Offering a client the opportunity to become a human walking weapon simply through proper training might open up new doors for personal trainers seeking to expand their repertoire. Krav Maga is the avenue to follow.


Krav Maga, translated from Hebrew as “contact-combat”, is a military self-defense system developed for the Israel Defense Forces (IDF) and Israeli security forces such as Mossad. It combines techniques from boxing, wrestling, aikido, judo and karate along with realistic fight training. Currently, Krav Maga is the preferred system of combat training employed by U.S. military and law enforcement personnel.

What Is The Secret?

Known for its focus on real-world situations and its extreme efficiency, Krav Maga constitutes one of the best workouts in existence. This method of training is as much an offense system as it is a defense system and can prove to be lifesaving as well.

Krav Maga encourages students to avoid confrontation. If this is impossible or unsafe, the philosophy promotes finishing a fight as quickly and aggressively as possible. Attacks are aimed at the most vulnerable parts of the opponent’s body.

According to XKM Krav Maga Blackbelt head instructor and Xtreme Krav Maga St. Louis owner Steve Sulze, “Krav Maga gives students the tools they need to win in a potentially deadly encounter and gives them the confidence to act appropriately when necessary.” Thus, it has been said that a well-trained practitioner of Krav Maga is basically a walking human weapon.

Movement And Awareness

Retzev, the Hebrew word for “continuous motion”, relates to the principles of simultaneous defense and attack. When employed within Krav Maga, retzev becomes an instinctual method of movement. This enables the well-trained student to react to any type of threat without hesitation.

Self-Defense and Self-Confidence?

Like most exercise, Krav Maga builds self-confidence and a sense of self-worth. A question often posed is exactly how does training that simulates being continuously attacked boost one’s self-confidence? According to Patrick Lockton, Director of KMI (Krav Maga Institute NYC), “The training changes people’s psychological patterns and opinions of themselves, others, and life in general…Strange things happen when you realize you are capable of a lot more than you thought.”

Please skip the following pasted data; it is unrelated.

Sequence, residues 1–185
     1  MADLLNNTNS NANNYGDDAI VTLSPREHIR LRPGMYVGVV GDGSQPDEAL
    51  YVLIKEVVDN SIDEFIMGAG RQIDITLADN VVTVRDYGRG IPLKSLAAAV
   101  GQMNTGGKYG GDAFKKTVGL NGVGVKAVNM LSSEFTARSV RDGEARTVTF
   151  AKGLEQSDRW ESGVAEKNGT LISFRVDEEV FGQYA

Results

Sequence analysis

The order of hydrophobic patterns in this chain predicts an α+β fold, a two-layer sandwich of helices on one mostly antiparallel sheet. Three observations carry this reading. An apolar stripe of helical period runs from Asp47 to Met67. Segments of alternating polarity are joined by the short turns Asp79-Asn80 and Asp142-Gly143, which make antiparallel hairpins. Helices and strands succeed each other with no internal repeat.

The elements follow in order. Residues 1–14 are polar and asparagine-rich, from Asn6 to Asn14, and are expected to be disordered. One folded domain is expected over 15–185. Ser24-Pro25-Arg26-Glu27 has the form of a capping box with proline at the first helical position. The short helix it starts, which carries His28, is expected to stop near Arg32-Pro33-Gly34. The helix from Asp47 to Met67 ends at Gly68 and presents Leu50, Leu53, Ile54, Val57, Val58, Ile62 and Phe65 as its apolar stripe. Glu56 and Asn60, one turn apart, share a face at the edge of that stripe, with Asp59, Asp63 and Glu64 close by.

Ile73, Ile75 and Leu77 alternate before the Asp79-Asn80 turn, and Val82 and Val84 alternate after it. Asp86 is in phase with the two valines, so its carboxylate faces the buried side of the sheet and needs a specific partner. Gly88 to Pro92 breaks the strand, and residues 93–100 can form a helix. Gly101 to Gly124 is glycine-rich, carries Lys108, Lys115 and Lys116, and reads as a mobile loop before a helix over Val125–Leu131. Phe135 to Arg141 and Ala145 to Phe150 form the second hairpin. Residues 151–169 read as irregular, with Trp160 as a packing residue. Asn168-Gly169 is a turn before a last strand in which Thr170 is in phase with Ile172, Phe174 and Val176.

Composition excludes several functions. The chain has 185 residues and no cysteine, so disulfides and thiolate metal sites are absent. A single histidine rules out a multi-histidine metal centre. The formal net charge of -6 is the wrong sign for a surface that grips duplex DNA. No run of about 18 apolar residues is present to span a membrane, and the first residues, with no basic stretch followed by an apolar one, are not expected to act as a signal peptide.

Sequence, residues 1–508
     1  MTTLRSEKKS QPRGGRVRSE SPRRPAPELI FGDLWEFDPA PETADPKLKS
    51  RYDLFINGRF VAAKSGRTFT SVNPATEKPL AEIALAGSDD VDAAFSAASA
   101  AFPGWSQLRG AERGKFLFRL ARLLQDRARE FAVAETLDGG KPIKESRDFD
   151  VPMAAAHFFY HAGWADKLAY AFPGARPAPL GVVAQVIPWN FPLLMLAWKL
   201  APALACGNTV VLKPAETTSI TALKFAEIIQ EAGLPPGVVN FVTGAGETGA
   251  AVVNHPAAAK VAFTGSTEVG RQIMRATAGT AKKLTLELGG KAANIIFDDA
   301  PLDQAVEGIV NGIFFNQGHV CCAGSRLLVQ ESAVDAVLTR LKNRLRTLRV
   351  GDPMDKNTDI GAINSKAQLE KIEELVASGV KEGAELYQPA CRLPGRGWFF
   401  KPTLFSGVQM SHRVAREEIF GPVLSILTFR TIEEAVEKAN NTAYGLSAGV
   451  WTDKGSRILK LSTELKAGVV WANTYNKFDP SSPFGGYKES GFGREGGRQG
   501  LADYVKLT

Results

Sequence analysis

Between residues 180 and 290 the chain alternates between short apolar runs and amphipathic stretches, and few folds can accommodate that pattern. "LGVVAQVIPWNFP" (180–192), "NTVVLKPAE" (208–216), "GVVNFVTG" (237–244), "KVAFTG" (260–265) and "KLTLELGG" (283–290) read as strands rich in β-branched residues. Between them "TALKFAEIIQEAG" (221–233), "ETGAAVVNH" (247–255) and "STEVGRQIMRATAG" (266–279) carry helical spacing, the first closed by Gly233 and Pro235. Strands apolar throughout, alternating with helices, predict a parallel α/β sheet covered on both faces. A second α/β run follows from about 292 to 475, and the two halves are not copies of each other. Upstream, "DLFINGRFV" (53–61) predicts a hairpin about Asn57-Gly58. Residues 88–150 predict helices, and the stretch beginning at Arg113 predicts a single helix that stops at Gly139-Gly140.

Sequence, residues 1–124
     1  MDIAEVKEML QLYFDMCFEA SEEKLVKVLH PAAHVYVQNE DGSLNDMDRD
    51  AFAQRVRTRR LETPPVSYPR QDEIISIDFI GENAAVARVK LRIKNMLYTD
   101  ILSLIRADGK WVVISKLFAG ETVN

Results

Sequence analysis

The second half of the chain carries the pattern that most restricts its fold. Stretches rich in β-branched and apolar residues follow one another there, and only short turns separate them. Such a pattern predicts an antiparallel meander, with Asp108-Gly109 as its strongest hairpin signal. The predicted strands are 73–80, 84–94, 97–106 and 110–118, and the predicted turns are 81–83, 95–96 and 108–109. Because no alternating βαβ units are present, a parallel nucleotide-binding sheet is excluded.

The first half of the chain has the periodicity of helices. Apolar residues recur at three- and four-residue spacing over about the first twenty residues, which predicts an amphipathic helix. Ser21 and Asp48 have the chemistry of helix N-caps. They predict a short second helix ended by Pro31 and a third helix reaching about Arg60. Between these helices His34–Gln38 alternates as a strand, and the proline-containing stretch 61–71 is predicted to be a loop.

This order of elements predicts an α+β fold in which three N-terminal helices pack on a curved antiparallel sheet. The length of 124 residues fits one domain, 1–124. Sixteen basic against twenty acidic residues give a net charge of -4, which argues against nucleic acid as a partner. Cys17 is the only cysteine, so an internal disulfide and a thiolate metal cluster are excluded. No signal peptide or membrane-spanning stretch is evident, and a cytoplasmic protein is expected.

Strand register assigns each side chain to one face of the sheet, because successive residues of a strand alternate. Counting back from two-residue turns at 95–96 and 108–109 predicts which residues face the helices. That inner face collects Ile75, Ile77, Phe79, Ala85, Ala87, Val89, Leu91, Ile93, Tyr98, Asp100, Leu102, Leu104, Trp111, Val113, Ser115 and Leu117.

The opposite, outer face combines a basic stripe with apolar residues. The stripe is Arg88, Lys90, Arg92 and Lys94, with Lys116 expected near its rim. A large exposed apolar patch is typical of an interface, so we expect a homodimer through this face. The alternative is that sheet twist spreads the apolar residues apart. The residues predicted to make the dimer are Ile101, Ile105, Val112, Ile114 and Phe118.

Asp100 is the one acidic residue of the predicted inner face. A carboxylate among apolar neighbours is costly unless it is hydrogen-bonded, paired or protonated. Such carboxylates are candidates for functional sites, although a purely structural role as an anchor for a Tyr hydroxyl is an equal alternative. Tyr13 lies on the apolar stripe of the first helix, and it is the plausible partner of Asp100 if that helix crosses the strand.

The discipline of Krav Maga has been likened to a doorway leading to a new aspect of self-discovery; one that offers the realization that we can accomplish anything in life. “The KMI mindset helps people start believing in themselves, and this can make a huge difference in someone’s life,” Lockton continues. “Students can easily translate their success in training to success in their lives.”

Non-Violent Real World Applications

I often train clients in a manner I call “functional exercise”, strengthening the muscles required to perform activities of daily life more comfortably and easily. As Lockton stated above, success in the gym often leads to positive attitudes and accomplishments outside of the fitness arena. Whether this is accomplished through bodybuilding, aquatic classes or extreme self-defense moves, the common goal is what a personal trainer strives for with each and every client.

Krav Maga’s fitness programs rely upon cardio classes, heavy bag work, and sports conditioning techniques in order to burn fat and tone muscle. Every class begins with a warm-up, followed by power drills, and exercises that combine cardio and strength training at intense intervals.